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A Review of
The Locals: A Novel
Hardback: Random House, 2017
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Reviewed by Ashley Hales
I wanted so much more for The Locals: a novel set between 9/11 and the Great Recession. The sort of British nineteenth century social novel written for the American twenty-first century. I wanted a novel that keenly engaged issues of class, culture, small town life, and told the story of the town alongside the story of deeply flawed, but interesting characters. I wanted to see our own age grittily explored with stabbing political statements and observations. It promised so much.
Instead, as a reader I received a book that was too easy to put down. At nearly 400 pages of prose if you’re not paying close attention, you’ll miss a gem of sentence amongst the meandering stories. I love thick books, but this one left me flat with neither compelling characters nor a clear message, nor the specific detail that makes a chronicle flourish. A sort of “democracy in miniature” (according to Kirkus Reviews), The Locals focuses on characters in the fictitious town, Howland, Massachusetts, who must figure out life alongside the wealthy weekenders. The novel follows the locals whose lives are are rearranged in response to a wealthy new resident, Phil Hadi, who promises to save the town, but to do so, as long as the town is remade in his own image.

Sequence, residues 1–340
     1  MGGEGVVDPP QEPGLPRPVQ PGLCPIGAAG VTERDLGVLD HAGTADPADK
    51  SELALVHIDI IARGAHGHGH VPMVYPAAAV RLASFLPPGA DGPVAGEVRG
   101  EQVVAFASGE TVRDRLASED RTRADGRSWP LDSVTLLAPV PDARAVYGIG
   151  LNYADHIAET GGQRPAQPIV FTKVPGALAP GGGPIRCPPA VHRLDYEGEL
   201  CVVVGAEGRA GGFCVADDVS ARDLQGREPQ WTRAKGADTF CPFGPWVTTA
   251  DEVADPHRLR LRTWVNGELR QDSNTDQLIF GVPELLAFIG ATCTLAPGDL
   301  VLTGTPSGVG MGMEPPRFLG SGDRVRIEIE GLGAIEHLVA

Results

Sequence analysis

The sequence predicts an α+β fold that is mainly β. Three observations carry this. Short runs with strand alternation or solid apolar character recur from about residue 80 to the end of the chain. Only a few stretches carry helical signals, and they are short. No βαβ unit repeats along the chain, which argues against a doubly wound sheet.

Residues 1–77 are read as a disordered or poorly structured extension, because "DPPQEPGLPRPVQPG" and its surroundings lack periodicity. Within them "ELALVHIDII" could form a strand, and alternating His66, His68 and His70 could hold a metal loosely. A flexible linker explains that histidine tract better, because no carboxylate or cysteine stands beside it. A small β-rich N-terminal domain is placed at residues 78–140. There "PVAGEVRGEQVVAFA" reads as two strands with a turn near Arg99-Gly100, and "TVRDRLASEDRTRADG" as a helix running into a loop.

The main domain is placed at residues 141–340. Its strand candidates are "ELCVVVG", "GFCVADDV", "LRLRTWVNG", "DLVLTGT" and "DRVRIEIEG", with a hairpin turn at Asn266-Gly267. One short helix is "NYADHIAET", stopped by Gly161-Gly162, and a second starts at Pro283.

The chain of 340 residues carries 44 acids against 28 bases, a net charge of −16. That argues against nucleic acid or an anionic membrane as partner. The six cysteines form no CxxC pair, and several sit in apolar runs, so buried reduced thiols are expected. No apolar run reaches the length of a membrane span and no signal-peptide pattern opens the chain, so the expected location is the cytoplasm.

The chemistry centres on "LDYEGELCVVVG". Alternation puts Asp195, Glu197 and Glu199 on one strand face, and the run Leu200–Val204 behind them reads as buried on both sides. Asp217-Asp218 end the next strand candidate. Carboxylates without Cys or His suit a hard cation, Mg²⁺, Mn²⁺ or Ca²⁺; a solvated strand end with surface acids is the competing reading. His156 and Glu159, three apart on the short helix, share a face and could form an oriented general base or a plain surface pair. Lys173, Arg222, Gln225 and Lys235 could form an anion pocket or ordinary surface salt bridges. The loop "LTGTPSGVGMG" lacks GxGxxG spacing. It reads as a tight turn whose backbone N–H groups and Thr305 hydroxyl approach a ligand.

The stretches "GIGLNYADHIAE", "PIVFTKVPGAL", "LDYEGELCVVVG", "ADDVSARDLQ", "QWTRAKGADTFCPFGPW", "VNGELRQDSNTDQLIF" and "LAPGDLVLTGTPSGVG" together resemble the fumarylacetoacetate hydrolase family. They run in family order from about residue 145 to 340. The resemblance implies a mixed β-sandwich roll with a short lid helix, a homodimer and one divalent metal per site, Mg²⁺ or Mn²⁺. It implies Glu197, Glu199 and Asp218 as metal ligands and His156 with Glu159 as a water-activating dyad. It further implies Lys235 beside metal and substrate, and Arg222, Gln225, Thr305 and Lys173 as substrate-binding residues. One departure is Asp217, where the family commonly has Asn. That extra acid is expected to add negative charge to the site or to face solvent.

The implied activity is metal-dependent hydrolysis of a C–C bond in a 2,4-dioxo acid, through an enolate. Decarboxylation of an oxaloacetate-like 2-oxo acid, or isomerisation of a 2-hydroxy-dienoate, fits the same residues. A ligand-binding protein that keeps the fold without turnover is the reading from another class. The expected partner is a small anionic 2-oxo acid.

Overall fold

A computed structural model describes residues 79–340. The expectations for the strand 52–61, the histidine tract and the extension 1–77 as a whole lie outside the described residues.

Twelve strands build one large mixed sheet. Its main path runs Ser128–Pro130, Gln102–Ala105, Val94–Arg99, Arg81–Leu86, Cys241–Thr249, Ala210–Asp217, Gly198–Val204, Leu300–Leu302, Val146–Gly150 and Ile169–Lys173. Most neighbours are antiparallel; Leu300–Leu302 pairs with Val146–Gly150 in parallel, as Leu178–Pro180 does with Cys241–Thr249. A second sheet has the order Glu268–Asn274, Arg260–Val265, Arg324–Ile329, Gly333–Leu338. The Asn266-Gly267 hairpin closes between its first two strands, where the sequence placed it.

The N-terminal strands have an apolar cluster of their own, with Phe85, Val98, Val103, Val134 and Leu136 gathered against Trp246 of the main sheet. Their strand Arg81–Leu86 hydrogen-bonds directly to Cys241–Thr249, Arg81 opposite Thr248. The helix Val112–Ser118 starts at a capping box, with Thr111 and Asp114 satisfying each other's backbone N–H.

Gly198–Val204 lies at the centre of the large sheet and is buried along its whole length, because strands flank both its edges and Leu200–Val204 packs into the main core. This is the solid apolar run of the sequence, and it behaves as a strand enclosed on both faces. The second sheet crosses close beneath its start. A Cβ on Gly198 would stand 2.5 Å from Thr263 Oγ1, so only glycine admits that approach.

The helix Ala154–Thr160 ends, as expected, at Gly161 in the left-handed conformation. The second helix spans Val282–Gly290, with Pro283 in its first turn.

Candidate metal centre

The novel opens with the foul-mouthed, cynical narration of a scam artist after 9/11. Through his eyes we see not the story of how a tragedy helps bring out the best in people, but how it allows the wealthy and/or the profane to profit from it. Trying to get downtown for a business meeting to get his money back, he meets Mark Firth, also part of the class action suit. Mark, a contractor in Howland, has lost his savings in the bad deal yet he later returns to the small town a hero for simply having been in New York City on 9/11. Mark is the closest we have to a main character.
The Locals is comprised of an ensemble cast and with narration moving in and out of the consciousnesses of several Howland residents. In Dee’s novel, no character rises above mediocrity, even as they sacrifice family and connection for financial gain. Many, too, are not obviously vile (though some are), nor are any characters redemptive: they move in intricate circles turned in on themselves, yet they’re also strangely aloof to personal depth. The characters are maddeningly flat, not allowed moments of transcendence. They seem characters in a Greek play, destined and doomed.
The place too, is unremarkable. Howland is close enough to New York City for wealthy weekenders to feel they’re getting a bit of the country and yet the locals are in danger of losing out to the gravitational pull of larger cities. The farm-to-table restaurant with its fixed price menu at $400 a dinner puts Howland on the map, yet the town seems stuck in the teether-totter between the ultra-wealthy visitors and its blue collar workers. Who will win out?